As fires rage across southern California, upstate economies struggle and teenagers crave educations that matter, Engaged Faculty Fellows are asking what they can do to help – and designing courses that do. The seven faculty members in this year’s cohort are developing community-engaged classes that give students hands-on experience and empower them to be global citizens – all while advancing community partners’ missions and contributing solutions to some of the world’s biggest challenges.
During the yearlong Engaged Faculty Fellowship Program, participants become a community of learning and practice, focused on designing, refining and enhancing engaged courses and curricula. They grapple together with theory and practice of engaged learning; meet monthly to discuss readings, projects and challenges; and expand the idea of what it means to teach at Cornell. This year’s fellows represent seven departments in five colleges.
“Every year, faculty from across the university bring projects and passions unique to their disciplines,” said Anna Sims Bartel, associate director for community-engaged curricula and practice in the Office of Engagement Initiatives. “We provide them with frameworks, techniques and resources to improve their community-engaged teaching. Even more importantly, this program creates a powerful network of skilled academics working with communities – and each other – for the public good. It’s exciting what happens when brilliant, motivated scholars get to teach and learn from one another like this.”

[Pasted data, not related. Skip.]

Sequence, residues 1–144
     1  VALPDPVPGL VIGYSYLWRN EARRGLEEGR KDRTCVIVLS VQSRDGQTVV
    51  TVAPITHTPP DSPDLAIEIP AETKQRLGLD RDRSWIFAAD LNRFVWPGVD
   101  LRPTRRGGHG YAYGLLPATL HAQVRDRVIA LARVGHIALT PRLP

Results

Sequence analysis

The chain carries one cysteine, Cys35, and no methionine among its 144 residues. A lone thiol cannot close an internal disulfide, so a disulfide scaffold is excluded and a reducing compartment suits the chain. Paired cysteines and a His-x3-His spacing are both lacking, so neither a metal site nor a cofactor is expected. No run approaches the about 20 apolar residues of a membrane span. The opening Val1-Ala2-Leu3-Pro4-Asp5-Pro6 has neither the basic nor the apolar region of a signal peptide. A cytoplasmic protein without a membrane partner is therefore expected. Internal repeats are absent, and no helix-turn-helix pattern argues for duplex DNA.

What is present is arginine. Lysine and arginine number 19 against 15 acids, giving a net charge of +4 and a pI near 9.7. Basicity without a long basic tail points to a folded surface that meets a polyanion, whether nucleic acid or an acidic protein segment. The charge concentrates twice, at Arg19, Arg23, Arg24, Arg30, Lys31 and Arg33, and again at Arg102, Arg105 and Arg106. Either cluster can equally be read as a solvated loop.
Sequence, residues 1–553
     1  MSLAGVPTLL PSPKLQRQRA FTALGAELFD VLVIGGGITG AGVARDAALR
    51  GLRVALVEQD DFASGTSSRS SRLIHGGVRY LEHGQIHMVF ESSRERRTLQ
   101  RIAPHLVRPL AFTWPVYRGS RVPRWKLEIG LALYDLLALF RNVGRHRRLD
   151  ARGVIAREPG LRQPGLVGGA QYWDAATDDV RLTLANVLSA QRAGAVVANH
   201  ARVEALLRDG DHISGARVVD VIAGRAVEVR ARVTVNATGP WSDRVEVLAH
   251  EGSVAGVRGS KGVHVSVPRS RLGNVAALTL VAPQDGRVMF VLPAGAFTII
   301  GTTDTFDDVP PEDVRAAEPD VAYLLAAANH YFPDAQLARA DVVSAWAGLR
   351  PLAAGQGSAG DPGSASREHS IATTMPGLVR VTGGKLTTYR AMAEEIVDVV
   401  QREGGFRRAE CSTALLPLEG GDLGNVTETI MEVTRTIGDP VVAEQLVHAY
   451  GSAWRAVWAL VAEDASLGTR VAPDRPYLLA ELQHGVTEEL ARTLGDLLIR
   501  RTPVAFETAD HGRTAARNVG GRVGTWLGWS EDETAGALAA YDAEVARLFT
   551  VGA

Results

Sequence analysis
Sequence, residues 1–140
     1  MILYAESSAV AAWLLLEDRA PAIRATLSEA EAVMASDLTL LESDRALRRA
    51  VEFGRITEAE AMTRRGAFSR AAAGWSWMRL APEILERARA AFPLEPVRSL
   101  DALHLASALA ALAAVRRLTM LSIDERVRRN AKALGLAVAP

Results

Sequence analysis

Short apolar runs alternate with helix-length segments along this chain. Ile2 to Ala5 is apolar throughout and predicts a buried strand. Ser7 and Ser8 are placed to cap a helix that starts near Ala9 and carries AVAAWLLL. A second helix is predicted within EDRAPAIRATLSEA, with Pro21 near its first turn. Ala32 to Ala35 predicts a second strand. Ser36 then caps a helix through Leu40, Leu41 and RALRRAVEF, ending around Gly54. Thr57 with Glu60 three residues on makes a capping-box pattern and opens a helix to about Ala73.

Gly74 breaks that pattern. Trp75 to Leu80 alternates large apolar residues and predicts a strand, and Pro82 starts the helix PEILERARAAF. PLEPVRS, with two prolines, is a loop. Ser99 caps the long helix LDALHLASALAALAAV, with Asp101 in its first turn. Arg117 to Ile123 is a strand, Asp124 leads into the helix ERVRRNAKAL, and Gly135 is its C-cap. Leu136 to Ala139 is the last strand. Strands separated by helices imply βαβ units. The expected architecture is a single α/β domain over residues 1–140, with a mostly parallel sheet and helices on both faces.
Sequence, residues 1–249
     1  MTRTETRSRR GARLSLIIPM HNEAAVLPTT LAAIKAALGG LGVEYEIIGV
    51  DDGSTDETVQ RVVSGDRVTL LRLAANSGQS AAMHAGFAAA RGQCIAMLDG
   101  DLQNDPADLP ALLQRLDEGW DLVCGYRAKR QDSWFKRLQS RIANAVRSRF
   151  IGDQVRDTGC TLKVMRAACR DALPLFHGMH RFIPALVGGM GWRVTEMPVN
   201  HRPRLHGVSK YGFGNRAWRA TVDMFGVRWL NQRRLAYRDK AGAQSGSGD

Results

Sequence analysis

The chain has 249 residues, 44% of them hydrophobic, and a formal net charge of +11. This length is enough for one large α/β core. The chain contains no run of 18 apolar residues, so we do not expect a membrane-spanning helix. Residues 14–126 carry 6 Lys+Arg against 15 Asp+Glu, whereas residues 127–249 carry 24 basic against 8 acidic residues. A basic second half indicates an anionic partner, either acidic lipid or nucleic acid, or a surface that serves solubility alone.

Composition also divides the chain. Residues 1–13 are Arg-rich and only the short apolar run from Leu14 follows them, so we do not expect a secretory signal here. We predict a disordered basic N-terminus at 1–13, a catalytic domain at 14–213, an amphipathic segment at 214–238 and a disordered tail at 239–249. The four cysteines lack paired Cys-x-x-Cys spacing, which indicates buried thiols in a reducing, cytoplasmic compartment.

The group’s Dec. 5 meeting focused on community partnerships and included a lively discussion about what makes an effective partnership – from memoranda of understanding to clear lines of communication to team-management software – and how to prepare students to collaborate with partners. Drawing on their own deep experience and readings about community engagement, fellows discussed issues of power imbalance and cultural difference that can impede partnerships. During a role-play exercise designed by two fellows, the cohort represented different local organizations, talked about the specific concerns and challenges of each, and imagined mutually beneficial collaborations among project teams.
Other topics covered throughout the year include the foundations of engagement, community-based research, critical reflection, student transformation and assessment, and the products of community-engaged work.
The fellowship program is open to all full-time faculty members and academic staff. Fellows receive a stipend to support their projects and can apply for conference travel funding. Applications for the 2018-19 cohort will open in the spring.
- Rebecca Morgenstern Brenner, lecturer, Cornell Institute for Public Affairs, has students engage with California community planners in their efforts to design fire-resilient communities.
- Larry Brown, professor of earth and atmospheric sciences, is co-developing a new, community-engaged version of the field geophysics program.
- Tasha Lewis, assistant professor of fiber science and apparel design, invites students to see how fashion and fiber sourcing can advance fairer economies.
- Gen Meredith, lecturer in population medicine and diagnostic sciences, directs Cornell’s new Master of Public Health program, which is grounded in community engagement.
- Julie Nucci, adjunct professor of materials science and engineering, teaches alternative high schoolers what engineering and materials science are all about.
- Mona Anita K. Olsen, assistant professor of entrepreneurship, sparks student imagination for community-based social entrepreneurship.
- Sara Warner, associate professor of performing and media arts, uses story circles and theater to explore local impacts of climate change.
This story also appeared in the Cornell Chronicle.